We all walk ancientrails. Welcome to the journey.

Assimilating. In reverse.

Written By: Charles - Dec• 22•18

Winter                                                                           Stent Moon

Black Mountain, this month, from the loft

Black Mountain, this month, from the loft

Sol Invictus has risen, not daunted by the long night. Unconquerable, life giving, a true light for our world. Black Mountain and its lodgepole pine, its groves of aspen, its slashes of ski runs is visible against a bright white clouded sky. A great wakin’ up morning if you’re a devotee of the two who give us life, Sol and Gaia. Blessed be.

Wanted to make a quick note of something I realized the other day. Assimilation. Assimilation assumes, correctly I think, that each culture is a semi-permeable membrane. Varying levels of porosity create more endogenous, more exogenous groups. Our immigration debate, for example, is an attempt to adjust the degree of porosity of American culture. One side wants less permeability and that only under strict expectations of full assimilation. The other side wants more permeability and a recognition of the vitality that blending and mixing of cultures engenders.

Inside subgroups of a dominant culture, say Latinos in the U.S., Jews in the U.S., for example there’s always a tension between maintaining group norms, those things that keep the subgroup distinctive and recognizable, and the necessity of living and working and loving in a culture different from their own. This is neither bad nor good, it just is. As I understand the American experiment, we’ve intended a greater level of porosity than most other nations, defining ourselves by the American Dream:  “The American Dream is a national ethos of the United States, the set of ideals (democracy, rights, liberty, opportunity and equality) in which freedom includes the opportunity for prosperity and success, as well as an upward social mobility for the family and children, achieved through hard work in a society with few barriers.”  wikipedia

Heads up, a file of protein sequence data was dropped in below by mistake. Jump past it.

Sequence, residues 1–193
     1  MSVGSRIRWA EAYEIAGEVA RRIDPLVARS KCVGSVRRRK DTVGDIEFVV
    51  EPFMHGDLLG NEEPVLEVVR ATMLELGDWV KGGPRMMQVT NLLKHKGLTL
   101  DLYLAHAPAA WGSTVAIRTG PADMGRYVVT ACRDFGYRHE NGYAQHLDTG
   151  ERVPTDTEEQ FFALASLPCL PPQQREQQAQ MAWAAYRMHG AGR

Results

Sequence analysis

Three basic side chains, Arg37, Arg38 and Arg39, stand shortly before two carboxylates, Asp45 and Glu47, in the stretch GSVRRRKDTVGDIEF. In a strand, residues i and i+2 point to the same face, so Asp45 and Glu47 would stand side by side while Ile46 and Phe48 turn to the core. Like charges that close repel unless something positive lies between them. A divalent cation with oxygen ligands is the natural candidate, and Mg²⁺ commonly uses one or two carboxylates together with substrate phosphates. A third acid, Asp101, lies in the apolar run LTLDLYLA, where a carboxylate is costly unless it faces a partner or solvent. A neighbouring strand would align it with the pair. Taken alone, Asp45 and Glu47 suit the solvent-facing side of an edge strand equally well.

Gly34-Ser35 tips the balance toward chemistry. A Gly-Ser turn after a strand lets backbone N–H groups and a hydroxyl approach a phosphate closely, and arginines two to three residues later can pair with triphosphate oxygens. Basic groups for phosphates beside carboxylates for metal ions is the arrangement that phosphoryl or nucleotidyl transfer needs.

An ancestor who lived almost two hundred years after Richard Ellis arrived

An ancestor, Demick Ellis, who lived almost two hundred years after Richard Ellis arrived (1888)

I love China towns, Korea towns, Japan towns, Latino neighborhoods, black neighborhoods, Italian and Greek and Russian neighborhoods. African restaurants, Cuban restaurants, Japanese restaurants. You get the point. Jewish delis.

Since my folks arrived on these shores in 1707, Ellises, and during the American Revolution, Spitlers, assimilation has never been an issue for me. I represent and live in the dominant culture, the one which assimilates, in the dominant world power of our time (until, maybe, right now), again the one which assimilates other nations. So it came as a surprise to me the other day when I realized I had begun, under the radar of my consciousness, probably for the reason of white, long standing US family history and privilege, the process of assimilation. You might call it reverse assimilation, but I don’t. It’s just assimilation.

ChesedI’ve begun to assimilate into Jewish culture. Different from becoming  a Jew, just like Jewish assimilation into American culture is different from no longer being a Jew, my identity is largely intact, but I find myself much more aware of living life through a Jewish lens. Their holidays are now mine. Their community, mine. Their marginal reality, also mine, though this last requires a full choice on my part, not just acquiescence. That is, I choose to stand with my new culture against all elements domestic and foreign and not to retire into privilege when things get hairy.

I’m at a point in my journey where I feel no need for formal conversion. I’m a person of my own religious persuasion and Beth Evergreen allows me to give it full expression even while immersed in Jewish life. Like I said long ago here I’m a fellow traveler, but now a fellow traveler who’s close to becoming a quasi cultural native. Strange, huh?

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